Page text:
The newer bikes don't seem to do the clutch thing, so they changed something.

My MX 175 had the same problem. The PO told me the plates were sticking due to the bike setting for a while. That was BS. My problem was with the pushrod assembly. If your clutch and cable are adjusted to the max., and your clutch assembly is lubed look for problems in the pushrod area. I had to replace a small ball bearing between two pushrods to fix my bike

My MX 175 had the same problem. The PO told me the plates were sticking due to the bike setting for a while. That was BS. My problem was with the pushrod assembly. If your clutch and cable are adjusted to the max., and your clutch assembly is lubed look for problems in the pushrod area. I had to replace a small ball bearing between two pushrods to fix my bike

Not to begin a contest: I merely pointed out this has been a problem with Yamahas for years, although it may not be his problem, as it wasn't yours. Yamaha even used funny looking V shaped rings over the clutch hub between the steel plates to correct it, but it didn't; we ended up throwing them away: they cause the clutch to slip under certain conditions. The ball bearings are used as throwout bearings, some of the other Yamaha models use two, one at each end of the pushrod. By the time the ball goes, all portions of the system should be changed: pushrod(s) everything.

What happens is the ball bearing falls out when someone has it apart and the don't notice it falling out. they reassemble and No clutch. Luckily my Dt Clutch is behaving but I also made sure the Ball was there while I was replacing the Main seals.

True enough. When you worked on them professionally, it seems like everyone would check, but I can see why they wouldn't. They also don't like to bleed autolube pumps, then say Autolube is no good, needs to be removed, and run pre-mix. I'd take a properly set up Autolube system any day over premix. I know that in competition bikes, every ounce counts, and convenience isn't on the list. But for everything else....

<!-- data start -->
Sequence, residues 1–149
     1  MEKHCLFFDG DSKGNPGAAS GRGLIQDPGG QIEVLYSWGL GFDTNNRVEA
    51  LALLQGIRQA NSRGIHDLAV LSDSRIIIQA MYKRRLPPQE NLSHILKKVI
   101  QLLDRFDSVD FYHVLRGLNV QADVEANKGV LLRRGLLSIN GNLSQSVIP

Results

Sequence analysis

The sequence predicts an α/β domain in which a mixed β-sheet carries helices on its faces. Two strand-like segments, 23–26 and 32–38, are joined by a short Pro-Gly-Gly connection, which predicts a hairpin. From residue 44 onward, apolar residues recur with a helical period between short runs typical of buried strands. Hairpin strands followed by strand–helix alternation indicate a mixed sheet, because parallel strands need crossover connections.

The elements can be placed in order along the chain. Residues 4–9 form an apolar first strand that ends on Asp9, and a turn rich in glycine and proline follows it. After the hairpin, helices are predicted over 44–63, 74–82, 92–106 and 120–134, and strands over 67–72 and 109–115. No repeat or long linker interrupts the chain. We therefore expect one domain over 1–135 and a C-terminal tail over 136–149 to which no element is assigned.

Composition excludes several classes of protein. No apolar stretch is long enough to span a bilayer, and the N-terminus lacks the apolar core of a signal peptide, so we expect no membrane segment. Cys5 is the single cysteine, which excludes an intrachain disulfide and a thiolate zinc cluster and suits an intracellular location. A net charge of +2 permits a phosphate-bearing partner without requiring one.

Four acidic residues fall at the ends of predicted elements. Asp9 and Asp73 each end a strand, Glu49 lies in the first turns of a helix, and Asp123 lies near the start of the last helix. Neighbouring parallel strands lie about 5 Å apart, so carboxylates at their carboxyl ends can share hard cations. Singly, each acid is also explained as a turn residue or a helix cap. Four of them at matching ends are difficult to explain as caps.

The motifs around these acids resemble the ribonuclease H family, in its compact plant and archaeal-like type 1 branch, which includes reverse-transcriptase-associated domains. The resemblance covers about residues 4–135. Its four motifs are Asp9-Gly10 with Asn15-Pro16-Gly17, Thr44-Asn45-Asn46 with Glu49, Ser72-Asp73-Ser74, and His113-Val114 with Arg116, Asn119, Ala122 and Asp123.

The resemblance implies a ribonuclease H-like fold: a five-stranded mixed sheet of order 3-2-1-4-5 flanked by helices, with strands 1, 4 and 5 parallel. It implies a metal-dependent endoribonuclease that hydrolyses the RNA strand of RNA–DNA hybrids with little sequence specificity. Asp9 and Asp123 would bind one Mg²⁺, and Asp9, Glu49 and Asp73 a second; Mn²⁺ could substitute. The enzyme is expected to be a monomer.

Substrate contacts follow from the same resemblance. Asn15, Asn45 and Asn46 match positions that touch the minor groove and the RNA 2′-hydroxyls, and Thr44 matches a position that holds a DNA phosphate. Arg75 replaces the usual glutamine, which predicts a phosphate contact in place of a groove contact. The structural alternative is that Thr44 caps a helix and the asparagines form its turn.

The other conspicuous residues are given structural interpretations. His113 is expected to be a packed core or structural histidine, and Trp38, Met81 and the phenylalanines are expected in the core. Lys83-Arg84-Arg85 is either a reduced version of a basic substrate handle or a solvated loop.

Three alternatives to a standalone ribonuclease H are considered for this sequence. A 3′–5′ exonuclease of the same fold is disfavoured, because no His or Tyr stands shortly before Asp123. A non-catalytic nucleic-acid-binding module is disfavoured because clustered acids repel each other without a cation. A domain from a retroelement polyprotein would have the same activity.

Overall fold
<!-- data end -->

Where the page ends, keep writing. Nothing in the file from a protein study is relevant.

Most people should consult a parts list before they assume anything.

I plan on converting my MX back to an auto lube system, got all the parts on ebay!

I used to work on the old Yamaha's quite a bit (thats one reason I just bought and restored my Dt as a commuter Bike) I have always had good luck with Autolube on my street Yamaha's. (R5B and RZ 350)

True enough. When you worked on them professionally, it seems like everyone would check, but I can see why they wouldn't. They also don't like to bleed autolube pumps, then say Autolube is no good, needs to be removed, and run pre-mix. I'd take a properly set up Autolube system any day over premix. I know that in competition bikes, every ounce counts, and convenience isn't on the list. But for everything else....

Most people should consult a parts list before they assume anything.

I had a R5C when it was a new bike. I wish I still had it. Of all the motorcycles I've owned, that's the one that I can't remember where it went. I want a R5 rolling chassis and a Banshee engine with Modern suspension and wheels/brakes. What a hoot that would be. Great for storming mountain roads, which we have plenty of.